- 1 prepared 9″ deep dish pie single crust (do not blind bake)
Place prepared crust on a cookie sheet that has been warmed in the oven. Beat eggs with pumpkin and milk until smooth. Stir in both sugars until well incorporated. Add vanilla and spices, and then pour into prepared crust. Cook first 10 minutes at 425 degrees F and then drop temperature to 350 degrees F for 50 minutes. Leave the oven door open and allow the pie to remain for 10 more minutes. Enjoy with homemade whipped cream!
Mace is a “sibling” of nutmeg. The two spices are from the same tree Myristica fragrans, a large evergreen tree native to the Moluccas Islands and the East Indies. Nutmeg is the fruit of the tree and mace is the red finger-like sheath or “aril” that covers the nutmeg. Nutmeg can be dried and ground or left whole. The “blades” or mace is sold in pieces but more commonly is ground as it is very tough to grind manually.
In large doses, raw nutmeg has some poisonous effects, but in small quantities it is safe for cooking.
Mace’s flavor is a cross between cinnamon and coriander seed or pepper, and is very pungent. You’ll find mace in many vintage baking recipes, but you’ll also see it in Indian, Caribbean and Middle Eastern cuisine. In Scotland, mace and nutmeg are usually both ingredients in haggis.
In the 18th century, bakers used rose water as a flavoring, sometimes as a substitute for vanilla. Rose water has a sweet and lightly spicy flavoring and it is a popular additive in Middle Eastern and Indian cuisine.
In my book Memories: Vintage Cake Recipes, rose water is used as an ingredient in Fruit Cake, and it is ground up with almonds to make a fragrant almond paste. It took me a while to find rose water for cooking (okay, it was actually my husband who found it). There are several types of rose water or rose “products” available, so when you buy yours, be sure it’s been approved for use in food. Be careful not to buy powdered roses, rose oil or rosewater tonic, which are all be used in beauty products, not cooking. You can make your own rose water through a process of distillation, but it is time consuming and tedious.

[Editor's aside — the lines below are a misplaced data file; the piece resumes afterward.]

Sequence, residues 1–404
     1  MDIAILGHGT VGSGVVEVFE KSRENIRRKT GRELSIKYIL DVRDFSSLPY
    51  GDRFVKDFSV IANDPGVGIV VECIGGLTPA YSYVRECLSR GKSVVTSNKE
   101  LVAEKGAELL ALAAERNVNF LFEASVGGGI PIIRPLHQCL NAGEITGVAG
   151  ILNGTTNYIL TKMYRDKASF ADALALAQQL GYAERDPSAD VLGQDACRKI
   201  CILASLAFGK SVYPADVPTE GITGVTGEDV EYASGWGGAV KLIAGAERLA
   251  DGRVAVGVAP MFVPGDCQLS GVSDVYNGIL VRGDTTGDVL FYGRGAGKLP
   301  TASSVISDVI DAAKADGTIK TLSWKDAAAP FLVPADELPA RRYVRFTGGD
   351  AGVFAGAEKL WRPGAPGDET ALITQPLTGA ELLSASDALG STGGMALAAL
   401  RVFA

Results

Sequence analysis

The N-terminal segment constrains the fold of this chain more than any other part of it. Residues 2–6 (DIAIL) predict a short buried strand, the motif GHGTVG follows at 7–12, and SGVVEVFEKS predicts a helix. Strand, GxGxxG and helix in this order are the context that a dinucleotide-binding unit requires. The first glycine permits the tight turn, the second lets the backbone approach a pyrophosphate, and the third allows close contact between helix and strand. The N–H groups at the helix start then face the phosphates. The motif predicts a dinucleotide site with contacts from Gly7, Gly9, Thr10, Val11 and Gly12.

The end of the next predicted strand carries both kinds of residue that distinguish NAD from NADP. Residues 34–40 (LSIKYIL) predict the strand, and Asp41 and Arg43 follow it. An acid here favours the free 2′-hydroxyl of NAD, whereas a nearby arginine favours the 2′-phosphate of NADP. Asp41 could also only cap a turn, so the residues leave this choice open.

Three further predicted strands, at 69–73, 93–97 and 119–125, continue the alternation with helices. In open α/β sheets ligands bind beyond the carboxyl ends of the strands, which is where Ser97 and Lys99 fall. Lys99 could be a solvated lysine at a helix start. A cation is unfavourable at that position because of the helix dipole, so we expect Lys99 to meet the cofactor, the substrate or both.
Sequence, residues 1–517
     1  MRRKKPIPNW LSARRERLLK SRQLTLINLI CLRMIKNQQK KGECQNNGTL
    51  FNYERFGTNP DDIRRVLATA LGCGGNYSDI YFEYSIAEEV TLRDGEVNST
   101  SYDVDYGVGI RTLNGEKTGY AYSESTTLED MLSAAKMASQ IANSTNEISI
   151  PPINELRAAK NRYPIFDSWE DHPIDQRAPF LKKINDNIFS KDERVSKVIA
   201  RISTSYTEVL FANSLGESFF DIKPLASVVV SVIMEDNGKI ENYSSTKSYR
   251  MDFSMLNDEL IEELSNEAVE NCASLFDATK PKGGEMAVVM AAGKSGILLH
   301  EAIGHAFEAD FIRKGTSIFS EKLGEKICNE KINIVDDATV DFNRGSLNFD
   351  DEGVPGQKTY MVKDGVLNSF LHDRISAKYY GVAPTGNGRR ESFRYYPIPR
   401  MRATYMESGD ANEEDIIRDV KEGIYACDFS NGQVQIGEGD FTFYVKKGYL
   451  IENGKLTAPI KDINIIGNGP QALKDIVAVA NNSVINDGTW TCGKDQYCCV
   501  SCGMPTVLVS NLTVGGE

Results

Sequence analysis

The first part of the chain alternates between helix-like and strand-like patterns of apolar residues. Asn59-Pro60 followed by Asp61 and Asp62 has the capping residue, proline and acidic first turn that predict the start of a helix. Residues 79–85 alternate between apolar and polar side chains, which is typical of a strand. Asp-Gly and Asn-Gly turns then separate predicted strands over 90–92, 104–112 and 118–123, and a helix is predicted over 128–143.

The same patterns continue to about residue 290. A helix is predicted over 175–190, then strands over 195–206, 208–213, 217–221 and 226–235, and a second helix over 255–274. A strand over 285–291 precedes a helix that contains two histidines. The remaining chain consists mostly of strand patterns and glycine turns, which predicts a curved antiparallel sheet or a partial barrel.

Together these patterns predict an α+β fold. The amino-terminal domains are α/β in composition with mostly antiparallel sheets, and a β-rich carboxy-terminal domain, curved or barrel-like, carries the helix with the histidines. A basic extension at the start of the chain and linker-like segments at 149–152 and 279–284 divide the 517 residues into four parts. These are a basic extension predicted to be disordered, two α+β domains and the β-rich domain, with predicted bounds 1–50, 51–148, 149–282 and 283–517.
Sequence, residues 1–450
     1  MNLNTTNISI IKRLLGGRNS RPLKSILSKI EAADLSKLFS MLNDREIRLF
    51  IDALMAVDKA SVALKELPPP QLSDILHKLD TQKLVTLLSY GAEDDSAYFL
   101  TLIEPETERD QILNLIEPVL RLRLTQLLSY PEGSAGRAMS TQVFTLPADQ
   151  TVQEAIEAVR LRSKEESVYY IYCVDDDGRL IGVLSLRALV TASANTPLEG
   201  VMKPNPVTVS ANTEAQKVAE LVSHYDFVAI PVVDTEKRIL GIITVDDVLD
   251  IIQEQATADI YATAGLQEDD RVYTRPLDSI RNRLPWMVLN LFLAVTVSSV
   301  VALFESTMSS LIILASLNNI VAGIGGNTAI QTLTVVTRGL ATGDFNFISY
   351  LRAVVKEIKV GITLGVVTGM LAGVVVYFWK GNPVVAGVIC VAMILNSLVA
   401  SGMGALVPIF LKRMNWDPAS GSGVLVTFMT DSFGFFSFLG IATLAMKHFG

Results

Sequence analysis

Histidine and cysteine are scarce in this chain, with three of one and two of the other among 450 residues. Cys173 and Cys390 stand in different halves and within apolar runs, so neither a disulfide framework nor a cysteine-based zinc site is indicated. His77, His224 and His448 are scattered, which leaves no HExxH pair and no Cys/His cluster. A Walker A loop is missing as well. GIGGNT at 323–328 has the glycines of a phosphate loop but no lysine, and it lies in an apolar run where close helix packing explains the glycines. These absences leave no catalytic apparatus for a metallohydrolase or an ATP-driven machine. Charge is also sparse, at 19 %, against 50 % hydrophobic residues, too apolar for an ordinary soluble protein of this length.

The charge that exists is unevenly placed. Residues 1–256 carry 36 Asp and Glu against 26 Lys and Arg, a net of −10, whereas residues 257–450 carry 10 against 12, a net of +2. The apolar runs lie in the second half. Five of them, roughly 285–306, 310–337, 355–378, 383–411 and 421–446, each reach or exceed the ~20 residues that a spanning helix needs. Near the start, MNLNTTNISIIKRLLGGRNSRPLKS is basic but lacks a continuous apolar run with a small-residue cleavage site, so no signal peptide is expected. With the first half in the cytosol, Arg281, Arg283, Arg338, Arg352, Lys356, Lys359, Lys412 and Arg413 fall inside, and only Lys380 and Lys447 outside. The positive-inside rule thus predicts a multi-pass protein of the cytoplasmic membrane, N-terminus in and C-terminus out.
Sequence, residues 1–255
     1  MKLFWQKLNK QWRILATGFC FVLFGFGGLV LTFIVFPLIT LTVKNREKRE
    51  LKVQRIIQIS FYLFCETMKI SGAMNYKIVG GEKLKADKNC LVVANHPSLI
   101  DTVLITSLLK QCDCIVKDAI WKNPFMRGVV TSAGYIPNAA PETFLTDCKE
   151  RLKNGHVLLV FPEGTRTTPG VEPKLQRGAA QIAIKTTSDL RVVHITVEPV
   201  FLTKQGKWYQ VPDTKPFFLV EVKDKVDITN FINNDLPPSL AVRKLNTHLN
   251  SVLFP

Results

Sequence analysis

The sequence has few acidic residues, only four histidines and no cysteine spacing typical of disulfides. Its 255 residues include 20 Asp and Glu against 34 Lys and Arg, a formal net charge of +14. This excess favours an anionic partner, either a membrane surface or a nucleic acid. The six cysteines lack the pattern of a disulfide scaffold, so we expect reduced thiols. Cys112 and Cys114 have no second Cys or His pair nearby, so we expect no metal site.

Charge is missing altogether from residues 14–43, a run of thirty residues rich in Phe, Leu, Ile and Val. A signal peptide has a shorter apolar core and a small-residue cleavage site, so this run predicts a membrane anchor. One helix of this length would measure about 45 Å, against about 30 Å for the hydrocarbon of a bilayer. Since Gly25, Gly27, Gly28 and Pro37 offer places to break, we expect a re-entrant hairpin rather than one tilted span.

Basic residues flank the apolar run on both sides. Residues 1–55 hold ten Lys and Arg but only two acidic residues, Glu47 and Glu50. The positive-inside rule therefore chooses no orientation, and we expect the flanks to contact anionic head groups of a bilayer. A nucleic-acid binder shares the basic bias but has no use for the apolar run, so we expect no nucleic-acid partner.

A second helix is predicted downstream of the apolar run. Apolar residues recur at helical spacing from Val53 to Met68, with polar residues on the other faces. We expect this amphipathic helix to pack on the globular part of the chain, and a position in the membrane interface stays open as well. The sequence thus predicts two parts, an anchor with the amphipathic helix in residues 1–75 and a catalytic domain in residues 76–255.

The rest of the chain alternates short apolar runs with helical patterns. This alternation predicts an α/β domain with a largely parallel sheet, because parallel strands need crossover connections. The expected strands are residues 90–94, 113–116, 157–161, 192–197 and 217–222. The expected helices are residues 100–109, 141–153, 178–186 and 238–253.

John Willoughby from the New York Times offers several ideas for uses in cooking. He pairs rose water with cardamom for rice pudding, and he also mentions its use in rice pilaf, carrot salad and French toast. Worth a try!
Wash your citrus well, scrubbing off any dirt or ink from the supermarket. Using a vegetable peeler, peel off 1/2″ wide strips of the peel, careful not to include the white pith. Save the rest of the fruit for another recipe or meal.
Combine 1 cup water and 2 cups sugar to make a simple syrup. Heat over medium-low heat until sugar is completely dissolved.
Add peel slices to simple syrup and simmer for 15-20 minutes, or until peel starts to soften. Remove from heat and dredge peel pieces in granulated sugar. Arrange on a baking sheet and dry overnight.
If you’re ever in Hanover, Massachusetts, stop by Lorraine’s Cake Supply. The employees there are extremely professional and knowledgeable about what they sell. I was very impressed with their inventory and helpfulness. I found several sizes of cake pans that are now on my wishlist for the holidays. They also sell a wide variety of flavorings for frosting and cake recipes. Stop in and check them out or order something online!